Association of tumor location with economic outcomes and air leak complications in thoracic lobectomies: results from a national hospital billing dataset
Authors Bhora F, Ghosh SK, Kassis E, Yoo A, Ramisetti S, Johnston SS, Rehmani S, Kalsekar I
Received 12 October 2018
Accepted for publication 26 March 2019
Published 6 June 2019 Volume 2019:11 Pages 373—383
Checked for plagiarism Yes
Review by Single-blind
Peer reviewers approved by Dr Colin Mak
Peer reviewer comments 2
Editor who approved publication: Professor Samer Hamidi
Faiz Bhora,1 Sudip K Ghosh,2 Edmund Kassis,3 Andrew Yoo,4 Sushama Ramisetti,4 Stephen S Johnston,4 Sadiq Rehmani,5 Iftekhar Kalsekar4
1Health Quest Health System, Poughkeepsie, NY 12601, USA; 2Global Health Economics and Market Access, Ethicon, Inc., Cincinnati, OH, USA; 3Medical Affairs, Ethicon, Inc., Cincinnati, OH, USA; 4Medical Devices - Epidemiology, Johnson and Johnson, New Brunswick, NJ, USA; 5Department of Thoracic Surgery, Mount Sinai St. Luke‘s Hospital, Icahn School of Medicine at Mount Sinai, New York, NY, USA
Purpose: To assess whether tumor location during thoracic lobectomies affects economic outcomes or air leak complications.
Patients and methods: Retrospective, observational study using Premier Healthcare Database. The study included patients aged ≥18 years who underwent elective inpatient thoracic lobectomy for lung cancer between 2012 and 2014 (first qualifying=index admission). Three mutually exclusive tumor location groups were formed: upper lobe, middle lobe, and lower lobe. Primary outcomes were index admission’s length of stay (LOS), total hospital costs, and operating room time; in-hospital air leak complications (composite of air leak/pneumothorax) served as an exploratory outcome. Multivariable models were used to examine the association between tumor location and the study outcomes, accounting for covariates and hospital-level clustering.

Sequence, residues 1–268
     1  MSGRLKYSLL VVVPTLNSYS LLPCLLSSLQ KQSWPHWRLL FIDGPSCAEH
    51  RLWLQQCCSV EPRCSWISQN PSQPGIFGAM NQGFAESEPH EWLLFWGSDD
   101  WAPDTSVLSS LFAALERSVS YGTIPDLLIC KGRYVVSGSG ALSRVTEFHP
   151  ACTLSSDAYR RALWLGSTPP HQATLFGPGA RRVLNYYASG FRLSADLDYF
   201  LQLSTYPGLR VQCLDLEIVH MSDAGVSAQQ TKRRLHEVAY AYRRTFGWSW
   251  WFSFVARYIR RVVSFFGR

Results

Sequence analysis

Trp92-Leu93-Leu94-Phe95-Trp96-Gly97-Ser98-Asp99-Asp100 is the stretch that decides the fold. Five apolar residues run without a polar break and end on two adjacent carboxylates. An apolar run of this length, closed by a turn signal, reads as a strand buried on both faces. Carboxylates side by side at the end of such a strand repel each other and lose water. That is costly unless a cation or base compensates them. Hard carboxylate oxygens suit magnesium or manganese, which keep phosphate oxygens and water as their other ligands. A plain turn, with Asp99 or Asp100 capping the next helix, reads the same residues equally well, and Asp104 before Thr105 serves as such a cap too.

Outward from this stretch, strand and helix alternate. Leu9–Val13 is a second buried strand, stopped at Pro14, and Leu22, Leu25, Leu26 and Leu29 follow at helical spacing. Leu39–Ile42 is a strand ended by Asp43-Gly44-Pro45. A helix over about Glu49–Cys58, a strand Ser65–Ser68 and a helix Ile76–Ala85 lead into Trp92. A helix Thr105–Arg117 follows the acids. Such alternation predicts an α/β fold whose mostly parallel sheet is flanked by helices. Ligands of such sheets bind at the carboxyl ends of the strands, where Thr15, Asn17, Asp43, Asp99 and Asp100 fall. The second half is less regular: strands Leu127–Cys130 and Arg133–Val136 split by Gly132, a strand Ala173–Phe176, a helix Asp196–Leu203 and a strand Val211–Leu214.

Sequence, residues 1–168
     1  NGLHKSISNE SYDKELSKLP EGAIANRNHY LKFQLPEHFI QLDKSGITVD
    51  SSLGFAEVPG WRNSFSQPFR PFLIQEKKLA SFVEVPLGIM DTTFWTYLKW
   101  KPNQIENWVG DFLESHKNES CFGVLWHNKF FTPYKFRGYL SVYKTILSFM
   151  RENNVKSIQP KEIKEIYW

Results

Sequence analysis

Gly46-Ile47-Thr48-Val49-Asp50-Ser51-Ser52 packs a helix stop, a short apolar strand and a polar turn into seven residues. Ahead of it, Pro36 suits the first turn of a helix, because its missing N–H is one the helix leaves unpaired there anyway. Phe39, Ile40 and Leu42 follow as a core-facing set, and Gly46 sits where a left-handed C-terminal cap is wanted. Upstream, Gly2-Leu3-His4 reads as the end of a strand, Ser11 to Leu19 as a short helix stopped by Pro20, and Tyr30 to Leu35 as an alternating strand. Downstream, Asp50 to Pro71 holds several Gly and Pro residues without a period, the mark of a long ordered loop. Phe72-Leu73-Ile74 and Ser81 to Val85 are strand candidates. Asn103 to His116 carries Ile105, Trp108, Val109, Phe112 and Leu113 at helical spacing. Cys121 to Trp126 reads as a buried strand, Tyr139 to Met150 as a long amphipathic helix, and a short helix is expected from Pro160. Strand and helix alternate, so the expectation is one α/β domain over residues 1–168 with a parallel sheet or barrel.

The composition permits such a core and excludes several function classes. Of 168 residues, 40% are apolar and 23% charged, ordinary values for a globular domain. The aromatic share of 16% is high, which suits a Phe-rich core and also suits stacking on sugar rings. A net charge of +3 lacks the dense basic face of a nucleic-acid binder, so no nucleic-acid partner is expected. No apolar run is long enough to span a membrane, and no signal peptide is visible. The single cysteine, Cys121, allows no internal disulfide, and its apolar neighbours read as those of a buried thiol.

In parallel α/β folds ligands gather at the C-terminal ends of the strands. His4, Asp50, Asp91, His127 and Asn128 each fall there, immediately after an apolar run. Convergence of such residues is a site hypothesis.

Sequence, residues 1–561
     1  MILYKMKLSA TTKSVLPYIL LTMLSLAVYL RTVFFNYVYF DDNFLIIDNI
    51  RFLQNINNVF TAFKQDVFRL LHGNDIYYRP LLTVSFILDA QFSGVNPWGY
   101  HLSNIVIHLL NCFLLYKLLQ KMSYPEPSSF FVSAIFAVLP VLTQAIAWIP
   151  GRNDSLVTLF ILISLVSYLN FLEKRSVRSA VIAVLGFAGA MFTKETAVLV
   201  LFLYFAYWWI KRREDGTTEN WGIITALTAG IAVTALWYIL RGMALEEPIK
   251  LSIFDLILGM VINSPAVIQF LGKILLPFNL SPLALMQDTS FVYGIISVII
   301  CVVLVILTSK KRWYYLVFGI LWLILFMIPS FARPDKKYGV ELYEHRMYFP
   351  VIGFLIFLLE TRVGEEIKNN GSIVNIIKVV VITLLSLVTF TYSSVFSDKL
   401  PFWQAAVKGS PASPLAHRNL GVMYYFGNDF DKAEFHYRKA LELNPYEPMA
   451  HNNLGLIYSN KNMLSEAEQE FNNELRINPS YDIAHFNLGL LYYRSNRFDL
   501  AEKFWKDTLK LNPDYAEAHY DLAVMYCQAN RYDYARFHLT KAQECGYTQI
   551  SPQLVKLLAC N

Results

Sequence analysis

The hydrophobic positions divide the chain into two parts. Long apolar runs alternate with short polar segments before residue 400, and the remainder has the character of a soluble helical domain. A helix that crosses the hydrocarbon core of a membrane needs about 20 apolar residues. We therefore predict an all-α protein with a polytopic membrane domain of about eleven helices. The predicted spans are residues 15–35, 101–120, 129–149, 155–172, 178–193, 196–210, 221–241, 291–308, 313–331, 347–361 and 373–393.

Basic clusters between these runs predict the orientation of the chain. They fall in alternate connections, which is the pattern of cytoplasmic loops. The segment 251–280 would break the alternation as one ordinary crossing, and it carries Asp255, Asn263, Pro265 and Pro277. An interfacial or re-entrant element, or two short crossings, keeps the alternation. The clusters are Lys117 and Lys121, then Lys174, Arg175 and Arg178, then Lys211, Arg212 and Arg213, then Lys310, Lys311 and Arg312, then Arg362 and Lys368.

Results: 8,750 thoracic lobectomies were identified: upper lobe (n=5,284), middle lobe (n=512), and lower lobe (n=2,954). Compared with the upper lobe, the middle and lower lobe groups had statistically significant (p<0.05): shorter adjusted LOS (7.0 days upper vs 5.8 days middle, 6.6 days lower), lower adjusted mean total hospital costs ($26,177 upper vs $23,109 middle, $24,557 lower), and lower adjusted odds of air leak complications (odds ratio middle vs upper=0.81, 95% CI=0.74–0.89; odds ratio lower vs upper=0.60, 95% CI=0.46–0.78). Findings were similar but varied in statistical significance when stratified by open and video-assisted thoracoscopic surgery approach.
Conclusion: Among patients undergoing elective thoracic lobectomy for lung cancer in real-world clinical practice, upper lobe tumors were significantly associated with increased in-hospital resource use and air leak complications as compared with lower or middle lobe tumors.
Keywords: thoracic lobectomy, costs, length of stay, cancer
This work is published and licensed by Dove Medical Press Limited. The full terms of this license are available at https://www.dovepress.com/terms.php and incorporate the Creative Commons Attribution - Non Commercial (unported, v3.0) License. By accessing the work you hereby accept the Terms. Non-commercial uses of the work are permitted without any further permission from Dove Medical Press Limited, provided the work is properly attributed. For permission for commercial use of this work, please see paragraphs 4.2 and 5 of our Terms.Download Article [PDF] View Full Text [HTML][Machine readable]